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Migraines are a type of headache characterized by intense, throbbing pain, often accompanied by nausea, vomiting, and extreme sensitivity to light and sound. They can last for hours to days and significantly affect daily activities. Migraines typically occur in stages:

1. Prodrome:

This stage occurs hours or days before the migraine and includes symptoms like mood changes, food cravings, neck stiffness, frequent yawning, and increased thirst and urination.

2. Aura:

Some people experience auras before or during migraines. Auras are reversible symptoms of the nervous system and usually visual, but can also be sensory, motor, or verbal disturbances.

3. Attack:

The actual migraine headache usually lasts from 4 to 72 hours if untreated. The pain is typically on one side of the head but can occur on both sides. Other symptoms during this stage can include nausea, vomiting, blurred vision, lightheadedness, and sensitivity to light, sound, smell, or touch.

4. Post-drome:

After the migraine attack, a person may feel drained, confused, and washed out for up to a day. Sudden head movement might bring on the pain again briefly.

Causes and Triggers

The exact cause of migraines is not fully understood, but they are believed to result from a combination of genetic, environmental, and neurological factors. Common triggers include:

  • Hormonal changes: Especially in women, such as fluctuations in estrogen during menstrual cycles, pregnancy, or menopause.
  • Foods: Aged cheeses, salty and processed foods, food additives like aspartame, and MSG.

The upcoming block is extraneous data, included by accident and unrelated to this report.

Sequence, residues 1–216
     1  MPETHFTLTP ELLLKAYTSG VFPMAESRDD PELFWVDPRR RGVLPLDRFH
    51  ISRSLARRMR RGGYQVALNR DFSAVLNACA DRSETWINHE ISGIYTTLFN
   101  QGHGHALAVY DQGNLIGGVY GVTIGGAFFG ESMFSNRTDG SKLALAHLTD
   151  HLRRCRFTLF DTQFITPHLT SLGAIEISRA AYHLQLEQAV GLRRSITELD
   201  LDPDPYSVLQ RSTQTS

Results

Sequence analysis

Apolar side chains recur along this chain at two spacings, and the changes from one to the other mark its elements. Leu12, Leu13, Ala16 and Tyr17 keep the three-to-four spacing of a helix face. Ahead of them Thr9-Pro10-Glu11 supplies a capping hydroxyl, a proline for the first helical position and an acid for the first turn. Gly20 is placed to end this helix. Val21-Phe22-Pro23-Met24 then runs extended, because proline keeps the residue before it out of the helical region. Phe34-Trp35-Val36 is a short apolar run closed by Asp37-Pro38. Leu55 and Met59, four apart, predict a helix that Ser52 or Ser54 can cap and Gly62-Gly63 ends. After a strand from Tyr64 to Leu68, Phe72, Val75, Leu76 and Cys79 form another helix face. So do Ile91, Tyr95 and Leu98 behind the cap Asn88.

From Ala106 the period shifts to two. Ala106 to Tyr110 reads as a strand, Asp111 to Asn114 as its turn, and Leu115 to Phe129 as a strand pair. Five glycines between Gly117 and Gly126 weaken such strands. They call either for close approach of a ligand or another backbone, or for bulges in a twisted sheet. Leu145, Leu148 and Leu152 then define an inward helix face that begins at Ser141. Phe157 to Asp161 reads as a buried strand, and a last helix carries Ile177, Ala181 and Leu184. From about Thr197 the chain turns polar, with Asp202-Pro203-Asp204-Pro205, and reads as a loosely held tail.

• Drinks: Alcohol, especially wine, and caffeinated beverages.
  • Stress: Emotional stress and anxiety.
  • Sensory stimuli: Bright lights, sun glare, loud sounds, and strong smells.
  • Sleep changes: Too much or too little sleep.
  • Physical factors: Intense physical exertion.
  • Weather changes: Changes in weather or barometric pressure.
  • Medications: Certain medications can trigger migraines.

Treatment and Prevention

Acute Treatments
  • Over-the-counter pain relievers: Such as ibuprofen, aspirin, or acetaminophen.
  • Triptans: Prescription medications that block pain pathways in the brain.
  • Ergots: Medications that are particularly effective for pain lasting more than 48 hours.
  • Anti-nausea drugs: To control nausea and vomiting.
  • Gepants and ditans: Newer classes of medications that target migraine-specific pathways.
Preventive Treatments


  • Lifestyle changes: Regular exercise, balanced diet, adequate sleep, and stress management.
  • Avoiding triggers: Keeping a headache diary to identify and avoid specific triggers.
  • Alternative therapies: Acupuncture, biofeedback, and cognitive-behavioral therapy (CBT).

If you suffer from frequent or severe migraines, it is essential to consult with a healthcare provider to develop a tailored treatment plan.

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